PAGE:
Music and NPR News for Central and Northern Michigan
Play Live Radio
Next Up:
0:00
0:00
Available On Air Stations
Local/Regional News

U.S. Reps chime in on President pulling out troops from Afghanistan

U.S. soldiers take part in NATO-led military exercises at the military base of Vaziani, outside Tbilisi, Georgia, in August.
U.S. soldiers take part in NATO-led military exercises at the military base of Vaziani, outside Tbilisi, Georgia, in August.

As President Joe Biden addressed the nation Monday afternoon about the U.S. military pullout from Afghanistan. He made the point there’s never a good time for a military withdrawal. However, the speed of the Taliban’s takeover of the country is troubling to West Michigan’s congressional leaders.

On Twitter, U.S. Rep. Bill Huizenga posted “POTUS is finally speaking and his first point is this collapse of Kabul was planned for?!?! And for the record, he opposed taking out Osama Bin Laden in the final operation.” The Zeeland Republican adding, “The speech by @POTUS is disconnected from the realities on the ground of Afghanistan. “The buck stops with me” is what he said after he blamed the Afghan troops, that history of the region and every previous president, including the one he served as VP.”

U.S. Rep. Peter Meijer is a member of the U.S. Homeland Security and Foreign Affairs Committees, on Fox News said, “I think the assumption had been that we would have six to nine months that the Afghan government would stay in place. That there would be military forces fighting. Clearly, they collapsed within a matter of days.” The Grand Rapids Republican adding, “The entirety of the Biden Administration’s strategy was predicated on having that window of time to complete this military withdrawal. That we didn’t even get to the beginning of that withdrawal until the Taliban were in the Presidential Palace. So, at every stage, we have underestimated the Taliban, overestimated the Afghan government and what we’re seeing right now is the consequences of that failure to appreciate the magnitude of this situation.”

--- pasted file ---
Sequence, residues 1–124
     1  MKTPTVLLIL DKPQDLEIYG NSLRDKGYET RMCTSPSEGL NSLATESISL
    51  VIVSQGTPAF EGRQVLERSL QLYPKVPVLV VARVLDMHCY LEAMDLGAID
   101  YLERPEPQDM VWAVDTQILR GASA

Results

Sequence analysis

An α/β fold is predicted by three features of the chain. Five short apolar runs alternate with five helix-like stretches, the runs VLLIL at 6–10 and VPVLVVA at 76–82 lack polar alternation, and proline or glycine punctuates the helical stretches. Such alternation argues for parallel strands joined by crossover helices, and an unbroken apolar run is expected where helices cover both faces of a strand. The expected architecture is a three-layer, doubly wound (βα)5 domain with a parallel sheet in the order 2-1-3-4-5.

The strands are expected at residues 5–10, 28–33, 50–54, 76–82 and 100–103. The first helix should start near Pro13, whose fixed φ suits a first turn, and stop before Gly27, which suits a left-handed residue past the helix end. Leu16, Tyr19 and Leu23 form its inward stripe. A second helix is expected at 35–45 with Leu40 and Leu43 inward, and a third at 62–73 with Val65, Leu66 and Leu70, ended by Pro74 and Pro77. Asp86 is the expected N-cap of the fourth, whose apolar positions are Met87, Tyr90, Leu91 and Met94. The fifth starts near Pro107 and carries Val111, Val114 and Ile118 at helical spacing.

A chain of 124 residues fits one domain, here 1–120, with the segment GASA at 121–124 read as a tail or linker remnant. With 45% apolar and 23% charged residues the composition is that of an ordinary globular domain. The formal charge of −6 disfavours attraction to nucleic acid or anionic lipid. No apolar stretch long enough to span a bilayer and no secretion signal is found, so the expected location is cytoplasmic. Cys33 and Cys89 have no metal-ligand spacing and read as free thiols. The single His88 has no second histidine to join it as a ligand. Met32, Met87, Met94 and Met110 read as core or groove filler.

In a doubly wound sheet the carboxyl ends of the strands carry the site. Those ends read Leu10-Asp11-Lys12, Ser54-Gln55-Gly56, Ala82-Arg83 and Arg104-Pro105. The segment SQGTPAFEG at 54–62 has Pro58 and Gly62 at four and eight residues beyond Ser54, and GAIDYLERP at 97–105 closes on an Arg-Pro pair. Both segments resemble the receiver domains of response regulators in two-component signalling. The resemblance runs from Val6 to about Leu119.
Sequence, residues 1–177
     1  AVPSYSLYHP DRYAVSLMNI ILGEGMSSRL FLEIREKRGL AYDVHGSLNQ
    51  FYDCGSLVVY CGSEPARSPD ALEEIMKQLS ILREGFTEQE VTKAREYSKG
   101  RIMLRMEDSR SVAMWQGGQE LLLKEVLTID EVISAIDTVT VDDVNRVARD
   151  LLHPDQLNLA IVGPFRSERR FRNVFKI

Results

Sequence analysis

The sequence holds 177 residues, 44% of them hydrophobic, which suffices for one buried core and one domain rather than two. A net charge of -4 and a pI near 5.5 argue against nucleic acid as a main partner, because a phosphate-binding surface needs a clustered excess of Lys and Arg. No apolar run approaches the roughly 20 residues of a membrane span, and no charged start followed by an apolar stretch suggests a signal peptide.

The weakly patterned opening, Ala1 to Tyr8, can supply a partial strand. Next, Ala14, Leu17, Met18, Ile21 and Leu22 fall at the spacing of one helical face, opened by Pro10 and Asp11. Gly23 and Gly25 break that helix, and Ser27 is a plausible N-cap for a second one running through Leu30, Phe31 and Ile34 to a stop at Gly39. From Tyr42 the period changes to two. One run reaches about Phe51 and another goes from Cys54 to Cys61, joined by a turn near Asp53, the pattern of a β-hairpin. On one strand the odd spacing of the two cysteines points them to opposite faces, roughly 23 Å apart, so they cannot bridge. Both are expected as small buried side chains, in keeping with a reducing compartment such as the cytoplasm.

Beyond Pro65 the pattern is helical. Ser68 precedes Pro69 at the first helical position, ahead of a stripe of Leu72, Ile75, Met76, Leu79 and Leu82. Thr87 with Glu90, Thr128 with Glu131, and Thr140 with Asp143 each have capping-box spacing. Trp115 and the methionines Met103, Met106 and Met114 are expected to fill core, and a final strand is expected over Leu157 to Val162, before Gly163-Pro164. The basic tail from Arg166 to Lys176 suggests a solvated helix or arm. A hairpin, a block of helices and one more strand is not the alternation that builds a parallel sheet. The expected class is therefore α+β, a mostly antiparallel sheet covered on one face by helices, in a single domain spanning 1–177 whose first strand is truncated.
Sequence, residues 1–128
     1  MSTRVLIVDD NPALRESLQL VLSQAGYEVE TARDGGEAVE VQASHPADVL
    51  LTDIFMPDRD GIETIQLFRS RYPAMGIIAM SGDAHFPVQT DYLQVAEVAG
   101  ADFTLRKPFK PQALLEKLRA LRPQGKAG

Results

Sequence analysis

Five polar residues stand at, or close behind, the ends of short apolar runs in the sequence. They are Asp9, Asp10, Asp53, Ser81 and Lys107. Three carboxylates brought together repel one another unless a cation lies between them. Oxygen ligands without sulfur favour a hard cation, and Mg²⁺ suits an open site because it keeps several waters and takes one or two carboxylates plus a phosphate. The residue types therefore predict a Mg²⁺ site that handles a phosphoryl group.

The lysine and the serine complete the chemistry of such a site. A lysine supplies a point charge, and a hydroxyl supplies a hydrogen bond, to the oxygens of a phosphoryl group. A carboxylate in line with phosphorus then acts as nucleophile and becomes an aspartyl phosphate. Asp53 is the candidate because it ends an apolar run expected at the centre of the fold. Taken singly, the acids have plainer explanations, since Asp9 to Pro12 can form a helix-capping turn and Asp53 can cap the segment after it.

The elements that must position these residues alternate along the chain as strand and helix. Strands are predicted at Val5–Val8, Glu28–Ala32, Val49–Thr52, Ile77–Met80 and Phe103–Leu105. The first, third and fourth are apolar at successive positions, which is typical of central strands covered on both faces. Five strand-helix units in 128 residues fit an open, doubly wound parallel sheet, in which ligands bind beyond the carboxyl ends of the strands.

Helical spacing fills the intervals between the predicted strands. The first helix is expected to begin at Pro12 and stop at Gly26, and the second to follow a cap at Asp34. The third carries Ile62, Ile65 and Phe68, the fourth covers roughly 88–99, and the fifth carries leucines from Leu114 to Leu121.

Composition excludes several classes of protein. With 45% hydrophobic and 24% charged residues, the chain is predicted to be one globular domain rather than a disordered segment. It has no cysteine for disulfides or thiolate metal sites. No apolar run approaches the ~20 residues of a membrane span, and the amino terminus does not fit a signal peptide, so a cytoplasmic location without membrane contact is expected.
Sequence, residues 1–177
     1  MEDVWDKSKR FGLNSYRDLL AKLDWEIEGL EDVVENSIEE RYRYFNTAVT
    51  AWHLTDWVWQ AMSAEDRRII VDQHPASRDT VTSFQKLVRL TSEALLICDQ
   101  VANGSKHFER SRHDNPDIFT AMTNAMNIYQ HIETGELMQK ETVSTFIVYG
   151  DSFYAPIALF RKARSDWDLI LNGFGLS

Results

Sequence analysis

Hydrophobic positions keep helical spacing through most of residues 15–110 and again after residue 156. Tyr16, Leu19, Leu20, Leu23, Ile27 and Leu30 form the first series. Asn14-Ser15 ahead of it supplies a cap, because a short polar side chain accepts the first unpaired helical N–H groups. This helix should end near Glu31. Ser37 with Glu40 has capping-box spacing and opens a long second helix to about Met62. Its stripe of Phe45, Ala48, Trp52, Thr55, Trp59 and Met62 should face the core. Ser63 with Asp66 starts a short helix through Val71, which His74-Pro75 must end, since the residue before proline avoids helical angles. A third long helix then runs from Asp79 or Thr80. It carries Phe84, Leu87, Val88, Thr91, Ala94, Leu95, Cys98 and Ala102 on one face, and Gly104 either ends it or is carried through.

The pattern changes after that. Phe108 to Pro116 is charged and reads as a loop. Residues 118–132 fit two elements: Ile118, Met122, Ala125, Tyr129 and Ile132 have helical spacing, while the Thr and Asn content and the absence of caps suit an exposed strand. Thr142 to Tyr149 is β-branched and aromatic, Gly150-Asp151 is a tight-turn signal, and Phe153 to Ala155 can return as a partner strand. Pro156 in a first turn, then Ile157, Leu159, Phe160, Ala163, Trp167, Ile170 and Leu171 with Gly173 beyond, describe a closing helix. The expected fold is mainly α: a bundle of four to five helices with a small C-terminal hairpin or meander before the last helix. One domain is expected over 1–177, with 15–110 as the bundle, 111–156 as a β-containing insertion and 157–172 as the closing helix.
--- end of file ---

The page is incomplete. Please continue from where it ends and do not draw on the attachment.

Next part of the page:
On Twitter, Meijer says the priority now, is to evacuate American citizens & Afghans who served alongside us.

Related Content
  • The Taliban militia is fighting to hold onto its recent military gains in Afghanistan. It has lost two towns north of Kabul, and its opponents are forging new political alliances. The BBC's Phil Goodman reports from Afghanistan.